The wealthy conservative activists and the sum of their vast donor network have shunned Trump throughout the entire presidential election. But as they gather this weekend, Trump is sure to be a topic of discussion as it's the first time the group is meeting since Trump was crowned as the Republican nominee.
"Presidential politics will be discussed for sure," said one regular donor who won't be attending this weekend due to a conflict.
Another donor who will attend said, "Surely presidential politics will be discussed, but much less than usual as we don't have a real advancing freedom option in this election."
More from NBC News:
Trump, coincidentally or not, held a rally in Colorado Springs Friday despite being 10 points behind in the latest poll in Colorado, a gap that explains why Democrat Hillary Clinton pulled advertising from the state.
Politico reported Friday that members of the Trump finance team attempted to meet with the Kochs but the request was denied.
James Davis, spokesperson for Freedom Partners, the political arm of the Koch network, said in a statement, "We've met with them before to discuss the issues that we care about and helping people their lives. Our focus will remain on the Senate."
Top Trump staffers met with Mark Holden, the head of Freedom Partners in June. Neither party provided a read out or even advertised the meeting. Even after the meeting, the Kochs have been consistent in saying they would maintain focus on the Senate races up for grabs this fall.
Since it became clear that Trump was going to win the Republican nomination, the Kochs decided against spending as much as $300 million on politics this cycle. Instead they have dramatically down-scaled their investment, committing just a fraction — $42 million — on down-ballot races.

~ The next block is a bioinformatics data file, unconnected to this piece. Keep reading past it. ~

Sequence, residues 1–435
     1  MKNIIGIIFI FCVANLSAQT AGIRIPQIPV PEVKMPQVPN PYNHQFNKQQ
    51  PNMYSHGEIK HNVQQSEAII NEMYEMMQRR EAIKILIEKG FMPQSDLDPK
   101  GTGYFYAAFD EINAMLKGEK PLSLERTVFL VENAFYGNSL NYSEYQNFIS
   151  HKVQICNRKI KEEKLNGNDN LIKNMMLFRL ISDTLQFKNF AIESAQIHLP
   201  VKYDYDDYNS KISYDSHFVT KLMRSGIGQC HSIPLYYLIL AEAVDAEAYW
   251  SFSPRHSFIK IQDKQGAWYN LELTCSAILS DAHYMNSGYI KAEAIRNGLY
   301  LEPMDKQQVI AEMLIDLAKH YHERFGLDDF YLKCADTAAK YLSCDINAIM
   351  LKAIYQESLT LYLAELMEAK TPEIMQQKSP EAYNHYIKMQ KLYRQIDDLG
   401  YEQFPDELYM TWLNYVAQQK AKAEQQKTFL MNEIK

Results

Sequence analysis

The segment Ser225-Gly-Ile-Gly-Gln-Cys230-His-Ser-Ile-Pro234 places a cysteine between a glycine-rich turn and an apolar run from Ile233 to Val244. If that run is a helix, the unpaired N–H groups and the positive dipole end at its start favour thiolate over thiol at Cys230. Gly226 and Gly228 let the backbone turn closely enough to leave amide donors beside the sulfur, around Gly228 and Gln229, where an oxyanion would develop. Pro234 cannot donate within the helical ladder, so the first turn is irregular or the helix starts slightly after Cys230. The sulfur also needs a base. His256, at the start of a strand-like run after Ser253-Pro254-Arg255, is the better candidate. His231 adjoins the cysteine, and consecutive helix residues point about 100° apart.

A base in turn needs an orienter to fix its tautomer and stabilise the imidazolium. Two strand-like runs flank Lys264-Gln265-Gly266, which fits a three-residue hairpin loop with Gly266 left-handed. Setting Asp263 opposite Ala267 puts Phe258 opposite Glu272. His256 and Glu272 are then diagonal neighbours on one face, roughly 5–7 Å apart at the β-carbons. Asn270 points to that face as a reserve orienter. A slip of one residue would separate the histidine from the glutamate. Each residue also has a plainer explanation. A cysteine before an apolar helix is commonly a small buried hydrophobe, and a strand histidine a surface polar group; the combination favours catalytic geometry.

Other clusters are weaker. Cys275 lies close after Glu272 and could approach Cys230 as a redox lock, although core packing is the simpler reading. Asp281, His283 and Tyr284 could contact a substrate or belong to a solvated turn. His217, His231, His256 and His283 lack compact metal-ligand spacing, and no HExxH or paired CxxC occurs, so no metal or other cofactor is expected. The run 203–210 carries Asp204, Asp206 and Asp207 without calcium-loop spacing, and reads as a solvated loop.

A small group of donors in the network are trying to change that by urging the Kochs to reconsider their election-year absence, Reuters reports.
The last time this vast donor network, member of which are required to give at least $100,000, met was on the eve of the Iowa Caucuses. At that time, the network had high hopes for several of the 17 Republican candidates, including Florida Sen. Marco Rubio. The network even considered spending money to defeat Trump, but decided against it.
Even Trump's selection of Koch-favorite Mike Pence as his running mate wasn't enough for them to commit to helping the top of the ticket.
Pence had even planned to attend the retreat but cancelled two weeks ago because of the scheduling difficulties of additional campaign duties.
Trump has long hoped he could get in the good graces of the Koch brothers but has been unsuccessful. He chose former New Hampshire chapter head of Koch-funded Americans for Prosperity, Corey Lewandowski, as his campaign manager but the Kochs have rebuked his efforts every step of the way.
The group i360, which is said to have the best data tools in politics and is funded in part by the Kochs, gave many Republican presidential candidates access to its network in the presidential primary, but not Trump.
The retreat takes place from Saturday through Monday.